These techniques tend to fragment her works, to move them farther from older poetry as well as farther from prose sense. Waldner's near-manic and masterful interest in rhyme, on the other hand, does the reverse: euphonies both help hold the poems together and remind us that they are, indeed, kinds of lyric—for example, scenic meditation:

Two crows above the marsh: sew.
Stitch the seventeen sleek shades of blue
to the shadow-patterned greens below.
See fit to make me a suitable view who
having nowhere else to go
might as well wear this world well. (AP)

Here is (part of) a rhyme-driven love-lament:

I think of you
all the day and in the night
and they are long. I long
to believe most
of my thoughts are wrong. (DW)

Waldner's rhymes also help her poems sound, when she wants them to sound, flirtatious:

I hear
High heels
On concrete far below.
High heels. Furbelow.
My poem for Lauren
With high heels in it.
Lauren who does not wear high heels Hello. (HD)

And here is Waldner's shortest good poem, "Wood (First Daughter)" (DW); its euphonies accrete her characteristic strangeness, though its "meaning" is thousands of years old, expressed in semantically (but not aurally) similar ways by Cole Porter, Sappho and the Rolling Stones:

The bugs plug in. So do some frogs.
And we—of your hipbone, your shoulderbone, soon.
I would like to do it with you so the look of you is the breeze:
I would be content that we might procreate like trees.

Who are "we"? Waldner won't tell; if she insists that poems make her emotions visible, the events which prompted those emotions (from regret to longing, from anger to ecstasy) appear only on occasion. "The Franklin's Tale," one of the longer poems in HD, is one such occasion; it is a sort of American lesbian Briggflatts, draping its dreambook notes and ars poetica speculations around a moving, formative, long-ago sexual encounter, perhaps the poet's first:

She gets out of bed, invites me in, then somehow they're
dancing to the Talking Heads, then somehow we are making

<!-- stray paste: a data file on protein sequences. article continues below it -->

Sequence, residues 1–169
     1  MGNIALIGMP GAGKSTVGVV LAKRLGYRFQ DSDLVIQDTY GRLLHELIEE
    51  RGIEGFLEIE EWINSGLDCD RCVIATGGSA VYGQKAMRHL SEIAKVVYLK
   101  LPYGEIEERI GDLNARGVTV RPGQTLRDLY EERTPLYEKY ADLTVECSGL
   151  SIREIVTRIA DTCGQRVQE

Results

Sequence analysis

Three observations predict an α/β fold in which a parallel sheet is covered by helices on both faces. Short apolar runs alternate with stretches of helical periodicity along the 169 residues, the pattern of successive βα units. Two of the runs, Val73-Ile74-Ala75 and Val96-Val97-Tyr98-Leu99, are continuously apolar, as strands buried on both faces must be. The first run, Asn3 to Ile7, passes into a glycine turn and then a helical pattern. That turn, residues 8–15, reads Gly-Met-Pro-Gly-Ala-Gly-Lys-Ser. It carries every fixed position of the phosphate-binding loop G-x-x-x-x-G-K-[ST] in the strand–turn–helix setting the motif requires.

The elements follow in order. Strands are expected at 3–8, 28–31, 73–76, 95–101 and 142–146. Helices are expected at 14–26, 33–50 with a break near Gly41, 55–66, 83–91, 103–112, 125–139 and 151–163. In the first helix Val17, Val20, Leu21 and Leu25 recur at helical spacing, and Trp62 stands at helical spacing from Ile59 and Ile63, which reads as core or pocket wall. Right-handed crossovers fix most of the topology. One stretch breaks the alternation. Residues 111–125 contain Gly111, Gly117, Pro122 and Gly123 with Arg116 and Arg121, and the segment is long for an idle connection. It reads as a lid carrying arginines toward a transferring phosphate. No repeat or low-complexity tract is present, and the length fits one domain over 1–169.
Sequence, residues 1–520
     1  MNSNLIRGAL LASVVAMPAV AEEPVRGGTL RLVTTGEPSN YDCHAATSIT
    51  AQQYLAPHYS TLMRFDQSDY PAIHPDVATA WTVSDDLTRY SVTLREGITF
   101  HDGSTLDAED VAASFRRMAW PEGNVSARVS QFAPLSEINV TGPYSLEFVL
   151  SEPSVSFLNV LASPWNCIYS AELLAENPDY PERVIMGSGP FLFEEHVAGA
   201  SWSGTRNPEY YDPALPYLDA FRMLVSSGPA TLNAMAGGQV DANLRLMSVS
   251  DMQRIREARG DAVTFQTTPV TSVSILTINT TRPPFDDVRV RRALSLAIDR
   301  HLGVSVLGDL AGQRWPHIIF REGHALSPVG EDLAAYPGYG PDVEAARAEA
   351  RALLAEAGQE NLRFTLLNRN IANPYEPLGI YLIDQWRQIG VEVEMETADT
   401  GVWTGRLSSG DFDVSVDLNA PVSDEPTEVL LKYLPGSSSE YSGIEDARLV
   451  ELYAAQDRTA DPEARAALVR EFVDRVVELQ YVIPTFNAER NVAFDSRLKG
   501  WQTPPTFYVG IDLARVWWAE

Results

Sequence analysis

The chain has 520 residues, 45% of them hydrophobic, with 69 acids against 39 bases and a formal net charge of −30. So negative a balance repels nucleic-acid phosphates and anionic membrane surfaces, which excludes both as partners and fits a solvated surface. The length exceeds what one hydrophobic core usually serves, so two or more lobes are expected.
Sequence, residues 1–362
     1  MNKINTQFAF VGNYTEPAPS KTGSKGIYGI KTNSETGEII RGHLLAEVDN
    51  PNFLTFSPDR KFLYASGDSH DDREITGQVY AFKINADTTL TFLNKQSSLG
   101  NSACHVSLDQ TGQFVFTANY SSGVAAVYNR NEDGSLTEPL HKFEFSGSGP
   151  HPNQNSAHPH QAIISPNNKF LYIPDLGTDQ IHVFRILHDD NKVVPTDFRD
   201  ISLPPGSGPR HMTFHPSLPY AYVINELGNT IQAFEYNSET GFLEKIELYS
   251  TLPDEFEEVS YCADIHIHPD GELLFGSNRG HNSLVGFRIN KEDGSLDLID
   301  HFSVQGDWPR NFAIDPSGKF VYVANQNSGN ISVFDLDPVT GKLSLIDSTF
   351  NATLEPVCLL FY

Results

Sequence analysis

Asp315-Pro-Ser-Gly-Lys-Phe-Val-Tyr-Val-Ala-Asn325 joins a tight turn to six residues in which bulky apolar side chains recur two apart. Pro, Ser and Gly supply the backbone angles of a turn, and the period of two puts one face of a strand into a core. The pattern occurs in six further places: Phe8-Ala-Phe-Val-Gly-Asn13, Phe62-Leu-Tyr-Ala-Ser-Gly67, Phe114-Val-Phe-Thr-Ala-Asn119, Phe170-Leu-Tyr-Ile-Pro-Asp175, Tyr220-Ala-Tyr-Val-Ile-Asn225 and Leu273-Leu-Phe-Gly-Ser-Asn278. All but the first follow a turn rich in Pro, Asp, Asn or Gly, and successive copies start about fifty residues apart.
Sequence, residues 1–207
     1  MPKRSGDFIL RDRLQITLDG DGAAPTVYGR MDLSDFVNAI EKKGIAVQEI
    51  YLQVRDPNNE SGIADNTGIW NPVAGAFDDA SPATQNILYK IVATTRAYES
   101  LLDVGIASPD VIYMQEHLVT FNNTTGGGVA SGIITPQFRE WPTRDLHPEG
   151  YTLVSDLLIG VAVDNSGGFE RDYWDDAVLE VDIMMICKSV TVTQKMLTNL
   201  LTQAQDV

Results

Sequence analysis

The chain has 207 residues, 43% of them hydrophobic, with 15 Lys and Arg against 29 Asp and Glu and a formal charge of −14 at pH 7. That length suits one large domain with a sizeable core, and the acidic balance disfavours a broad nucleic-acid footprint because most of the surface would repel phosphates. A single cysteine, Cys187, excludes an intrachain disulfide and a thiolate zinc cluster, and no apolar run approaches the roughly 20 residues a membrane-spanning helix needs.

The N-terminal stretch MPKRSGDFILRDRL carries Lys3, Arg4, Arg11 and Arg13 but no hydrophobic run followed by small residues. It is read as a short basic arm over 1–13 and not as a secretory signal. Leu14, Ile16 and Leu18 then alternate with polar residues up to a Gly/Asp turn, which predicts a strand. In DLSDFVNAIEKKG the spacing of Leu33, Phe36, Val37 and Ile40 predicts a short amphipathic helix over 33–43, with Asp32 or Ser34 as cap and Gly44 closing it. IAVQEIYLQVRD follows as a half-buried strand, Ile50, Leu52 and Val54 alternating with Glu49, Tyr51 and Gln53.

love and then somehow I ask if we shouldn't invite her friend, a
thing which has somehow irked her all these almost 20 years.

boris, natasha

the border a product of Englishmen, the comma
of (juris) prudence

here's the heart, the white bone of despair: people who were
witnesses to what life means for me are not there any more.
yes, chance, lord, bread 2 loaves.

Such nearly-naked longings return in DW, in "Washed Clean by the Blood" (a new poem in the old tradition of Christ-as-beloved, beloved-as-Christ), and in "The Nonne Priest's Tale," a heterosexual answer to the earlier poem, and one which nearly quotes Bunting verbatim:

If I say it right (Lust suggests with its own reasons)
he'll come out of the rain and we'll head for my bed
again and undo it for sixteen years.

How can you "undo" anything "for sixteen years"? You can't, as Waldner knows — though you can aspire to do so; she specializes in verbal manifestations of impossible demands. Her wishes defy all paraphrase and all measure, as she shows in this prose love lyric, which doubles as prayer: "undo number; make leaves of the wings of the calendar; evergreen, let them stay, these days. or make going go away. or as a yearned wave into your inner ear, let me go and gone, stay" (DW).

Waldner has written of her "usual curiosity about the construction of the concept of selfhood" (E); her poems do not so much deconstruct that concept—or, worse, "interrogate" it— as show how slippery and compounded, how founded on desire, it must be. (Lacan fans take note.) Each work "arises as desire/ does: oblique, out of something else" (DW). "I look in the mirror so I am there./ I sing so I make a noise."(S&S) In the long-lasting debate between organicists (who see language, emotion, and poetry as living things which follow only their own rules) and constructivists (who see all three as comprehensibly heteronomous) Waldner sides decisively with the former: a seed, she writes "grows and develops/ by powers of its own/ and so I love it"; her poetry emulates botany in promising to "study the way/ a living being lives," though it also wants a life of its own, since "an explanation is/ only a likeness/ only like another Thing" (S&S). (Waldner's vitalist suspicion of normal science, her apparent preference for Lamarck over Darwin, does not hurt her as a poet, though I wouldn't want her teaching my biology class.)